Daylight Saving Time

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That’s right, it’s not called Daylight Savings Time.  It’s called Daylight Saving time and most people use it incorrectly. The irony in this is that everyone uses it twice a year whether the like to admit it or not.  Even people in Arizona and Hawaii who do not change their clocks have to adjust to television programming and the rest of the country when they set their clocks back….and forward.

Other terms for DST is Summer Time mostly used in other countries who participate in DST, however, not all countries do.  In fact, the country of Kazakhstan abolished DST because of the health effects it had on people.  That’s right, DST can cause quite a few health problems including heart attacks, strokes, and some statistics show an increase in fatal accidents during DST.

You may ask yourself why we have Daylight Saving Time and when and where did it originate.  The answer to that is actually pretty simple.  Ben Franklin the guy on those $100 bills, one of the Founding Fathers of the U.S., or maybe you have heard of the bifocal or Poor Richards Almanac?  Well, he conceived the idea back in the 18th century as a way to save candles from burning but it was first implemented during WWI.  The reason it started was to save money on fuel by reducing the use of artificial light.  It was again used during WWII and then in 1966 The Uniform Time Act was passed making it a standard throughout the U.S.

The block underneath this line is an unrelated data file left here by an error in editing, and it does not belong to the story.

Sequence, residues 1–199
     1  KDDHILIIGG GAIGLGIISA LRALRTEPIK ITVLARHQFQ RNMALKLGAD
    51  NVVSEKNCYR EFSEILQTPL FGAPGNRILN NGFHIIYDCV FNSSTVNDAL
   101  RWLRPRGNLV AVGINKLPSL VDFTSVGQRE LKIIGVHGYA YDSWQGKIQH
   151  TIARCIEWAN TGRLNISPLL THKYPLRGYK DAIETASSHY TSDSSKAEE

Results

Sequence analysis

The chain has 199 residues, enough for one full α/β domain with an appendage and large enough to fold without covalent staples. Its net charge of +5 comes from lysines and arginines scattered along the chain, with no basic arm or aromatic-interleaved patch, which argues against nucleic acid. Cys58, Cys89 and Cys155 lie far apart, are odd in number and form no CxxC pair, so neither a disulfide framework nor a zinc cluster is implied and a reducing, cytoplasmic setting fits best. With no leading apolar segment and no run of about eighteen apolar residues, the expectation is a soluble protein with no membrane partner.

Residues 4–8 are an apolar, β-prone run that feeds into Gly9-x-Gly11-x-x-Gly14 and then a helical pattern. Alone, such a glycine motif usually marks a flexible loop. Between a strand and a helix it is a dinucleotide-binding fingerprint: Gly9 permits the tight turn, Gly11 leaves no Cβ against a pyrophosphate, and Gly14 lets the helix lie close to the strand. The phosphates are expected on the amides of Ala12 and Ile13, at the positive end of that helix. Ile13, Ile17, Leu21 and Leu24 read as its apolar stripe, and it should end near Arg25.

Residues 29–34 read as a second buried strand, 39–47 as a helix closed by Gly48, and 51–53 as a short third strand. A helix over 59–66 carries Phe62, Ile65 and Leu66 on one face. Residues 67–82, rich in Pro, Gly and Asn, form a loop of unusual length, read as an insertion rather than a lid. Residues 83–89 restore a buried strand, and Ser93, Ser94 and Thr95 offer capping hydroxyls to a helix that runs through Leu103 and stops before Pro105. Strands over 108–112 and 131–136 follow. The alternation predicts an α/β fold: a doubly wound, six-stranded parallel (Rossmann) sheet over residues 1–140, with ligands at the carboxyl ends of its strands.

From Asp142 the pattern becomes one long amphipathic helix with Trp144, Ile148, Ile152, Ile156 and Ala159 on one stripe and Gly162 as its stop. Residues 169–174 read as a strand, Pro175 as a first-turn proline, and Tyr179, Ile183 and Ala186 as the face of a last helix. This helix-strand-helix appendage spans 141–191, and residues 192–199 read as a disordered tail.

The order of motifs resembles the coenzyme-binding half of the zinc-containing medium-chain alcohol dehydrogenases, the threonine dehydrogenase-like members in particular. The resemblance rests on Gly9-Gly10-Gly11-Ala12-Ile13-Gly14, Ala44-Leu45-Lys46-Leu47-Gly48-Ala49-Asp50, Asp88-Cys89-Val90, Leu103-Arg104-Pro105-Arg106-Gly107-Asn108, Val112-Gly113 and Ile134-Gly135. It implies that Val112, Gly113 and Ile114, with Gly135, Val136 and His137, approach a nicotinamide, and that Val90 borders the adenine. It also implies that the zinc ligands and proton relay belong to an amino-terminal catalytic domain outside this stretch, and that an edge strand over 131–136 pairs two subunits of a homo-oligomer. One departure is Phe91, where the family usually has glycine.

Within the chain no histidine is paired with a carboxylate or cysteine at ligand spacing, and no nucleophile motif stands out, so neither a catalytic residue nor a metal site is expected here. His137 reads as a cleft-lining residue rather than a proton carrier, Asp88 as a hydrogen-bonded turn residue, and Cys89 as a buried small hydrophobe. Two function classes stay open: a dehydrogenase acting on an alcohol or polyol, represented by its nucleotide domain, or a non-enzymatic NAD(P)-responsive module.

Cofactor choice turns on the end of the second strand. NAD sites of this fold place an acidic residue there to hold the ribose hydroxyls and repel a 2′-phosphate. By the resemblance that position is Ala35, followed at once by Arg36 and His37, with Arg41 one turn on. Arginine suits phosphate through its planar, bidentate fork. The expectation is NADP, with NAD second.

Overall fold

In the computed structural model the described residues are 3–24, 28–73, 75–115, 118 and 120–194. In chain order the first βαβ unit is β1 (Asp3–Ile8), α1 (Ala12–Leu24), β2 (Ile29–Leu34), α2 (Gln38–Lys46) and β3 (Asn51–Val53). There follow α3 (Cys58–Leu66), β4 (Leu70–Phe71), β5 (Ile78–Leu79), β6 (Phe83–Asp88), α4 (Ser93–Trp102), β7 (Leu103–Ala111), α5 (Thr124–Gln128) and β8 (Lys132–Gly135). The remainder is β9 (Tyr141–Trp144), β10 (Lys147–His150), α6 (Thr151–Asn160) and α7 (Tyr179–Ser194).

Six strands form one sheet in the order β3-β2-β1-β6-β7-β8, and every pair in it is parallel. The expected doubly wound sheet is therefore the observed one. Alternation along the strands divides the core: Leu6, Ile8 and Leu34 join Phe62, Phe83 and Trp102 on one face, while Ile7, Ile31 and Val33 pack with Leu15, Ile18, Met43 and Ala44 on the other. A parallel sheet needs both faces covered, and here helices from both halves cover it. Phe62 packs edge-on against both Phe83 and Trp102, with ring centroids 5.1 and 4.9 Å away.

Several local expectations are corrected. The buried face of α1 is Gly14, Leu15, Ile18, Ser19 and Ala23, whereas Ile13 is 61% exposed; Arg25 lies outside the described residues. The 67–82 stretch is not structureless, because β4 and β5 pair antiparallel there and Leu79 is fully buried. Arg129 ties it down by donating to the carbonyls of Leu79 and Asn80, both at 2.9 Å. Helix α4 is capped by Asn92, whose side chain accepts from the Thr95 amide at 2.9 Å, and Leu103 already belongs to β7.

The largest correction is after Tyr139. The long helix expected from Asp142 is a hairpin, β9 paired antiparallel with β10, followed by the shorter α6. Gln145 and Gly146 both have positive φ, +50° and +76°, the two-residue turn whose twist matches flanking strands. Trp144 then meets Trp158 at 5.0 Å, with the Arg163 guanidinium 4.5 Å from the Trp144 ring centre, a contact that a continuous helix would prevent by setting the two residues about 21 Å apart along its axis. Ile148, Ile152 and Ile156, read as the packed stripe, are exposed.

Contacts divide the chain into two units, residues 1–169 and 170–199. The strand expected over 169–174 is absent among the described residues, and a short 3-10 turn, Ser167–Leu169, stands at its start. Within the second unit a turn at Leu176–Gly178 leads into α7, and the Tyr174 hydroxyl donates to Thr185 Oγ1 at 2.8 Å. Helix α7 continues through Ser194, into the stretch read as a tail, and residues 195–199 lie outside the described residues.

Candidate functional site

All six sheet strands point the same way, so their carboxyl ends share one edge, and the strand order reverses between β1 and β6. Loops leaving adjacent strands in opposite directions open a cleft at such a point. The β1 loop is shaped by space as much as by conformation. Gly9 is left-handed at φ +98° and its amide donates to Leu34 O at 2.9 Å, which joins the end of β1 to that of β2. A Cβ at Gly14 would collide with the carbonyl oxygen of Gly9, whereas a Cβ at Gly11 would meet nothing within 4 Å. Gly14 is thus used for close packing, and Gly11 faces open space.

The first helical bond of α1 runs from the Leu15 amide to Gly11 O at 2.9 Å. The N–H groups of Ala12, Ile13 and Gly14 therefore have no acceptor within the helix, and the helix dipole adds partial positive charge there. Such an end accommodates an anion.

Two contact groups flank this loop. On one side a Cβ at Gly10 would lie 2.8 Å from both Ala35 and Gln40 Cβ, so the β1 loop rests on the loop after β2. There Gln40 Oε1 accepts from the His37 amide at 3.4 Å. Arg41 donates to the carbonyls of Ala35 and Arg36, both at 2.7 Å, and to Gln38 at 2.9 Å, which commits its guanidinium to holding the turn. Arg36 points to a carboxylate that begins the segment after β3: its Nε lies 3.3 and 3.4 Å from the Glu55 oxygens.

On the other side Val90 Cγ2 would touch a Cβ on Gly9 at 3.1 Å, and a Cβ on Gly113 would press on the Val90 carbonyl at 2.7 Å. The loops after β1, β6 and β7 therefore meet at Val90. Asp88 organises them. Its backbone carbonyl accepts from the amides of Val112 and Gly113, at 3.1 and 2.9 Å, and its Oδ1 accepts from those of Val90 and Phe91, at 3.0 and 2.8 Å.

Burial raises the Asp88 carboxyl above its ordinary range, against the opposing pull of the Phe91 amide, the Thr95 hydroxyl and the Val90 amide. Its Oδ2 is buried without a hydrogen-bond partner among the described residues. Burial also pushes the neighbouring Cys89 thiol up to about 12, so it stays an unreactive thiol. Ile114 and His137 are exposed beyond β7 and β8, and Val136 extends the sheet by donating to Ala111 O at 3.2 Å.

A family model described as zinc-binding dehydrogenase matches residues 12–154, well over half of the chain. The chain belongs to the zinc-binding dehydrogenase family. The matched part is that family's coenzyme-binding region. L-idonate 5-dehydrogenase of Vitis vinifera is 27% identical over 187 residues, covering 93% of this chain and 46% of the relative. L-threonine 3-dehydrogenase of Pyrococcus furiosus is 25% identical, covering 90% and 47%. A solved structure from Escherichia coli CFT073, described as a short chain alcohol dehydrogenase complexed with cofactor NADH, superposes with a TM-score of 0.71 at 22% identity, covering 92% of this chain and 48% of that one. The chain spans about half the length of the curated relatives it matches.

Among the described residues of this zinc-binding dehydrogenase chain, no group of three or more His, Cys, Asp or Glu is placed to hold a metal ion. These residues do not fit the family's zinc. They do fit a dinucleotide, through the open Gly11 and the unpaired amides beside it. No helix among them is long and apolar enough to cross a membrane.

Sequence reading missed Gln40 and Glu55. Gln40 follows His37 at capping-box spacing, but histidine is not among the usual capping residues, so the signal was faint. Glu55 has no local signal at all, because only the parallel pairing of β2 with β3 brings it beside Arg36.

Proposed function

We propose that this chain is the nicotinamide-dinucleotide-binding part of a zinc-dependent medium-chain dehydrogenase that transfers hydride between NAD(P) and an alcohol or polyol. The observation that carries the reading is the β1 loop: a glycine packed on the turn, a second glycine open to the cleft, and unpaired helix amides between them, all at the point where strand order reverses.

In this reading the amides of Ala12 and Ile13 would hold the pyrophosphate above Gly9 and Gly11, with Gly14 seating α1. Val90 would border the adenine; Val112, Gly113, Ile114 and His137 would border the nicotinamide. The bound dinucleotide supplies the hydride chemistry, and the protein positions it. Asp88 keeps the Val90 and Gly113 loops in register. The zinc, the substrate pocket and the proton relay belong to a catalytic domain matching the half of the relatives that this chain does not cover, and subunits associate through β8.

So how do you remember to change your clocks back?  That’s easy; listen to people several weeks before dreading the loss of an hour of sleep or you can remember the terms, spring forward and fall back.  Spring forward or often called March forward occurs during the spring or you guessed it, the month of March.  The term fall back happens in the fall after Halloween.  You’ve heard the term, “lose an hour gain an hour” right?  I’ll let you figure out how that came about.

There is so much to think about when it comes to DST.  For example, will the loss of sleep give you a health scare or the hour gained refresh you enough to ignore the cold temperatures to come.  You can even think about more complicated questions like if you have twins born minutes apart?  One can be born at 1:58 am just before DST takes place and the other born 5 minutes later at 1:03 am.  So who exactly is the older twin?  What about during the spring when the clocks spring forward (there’s that term again) losing an hour?  Is your twin 5 minutes old than you or 65 minutes older?  The list goes on and on but DST isn’t in place to complicate your life it’s supposed to ease it.


Amber L.Student Writer, Sioux Falls, SD

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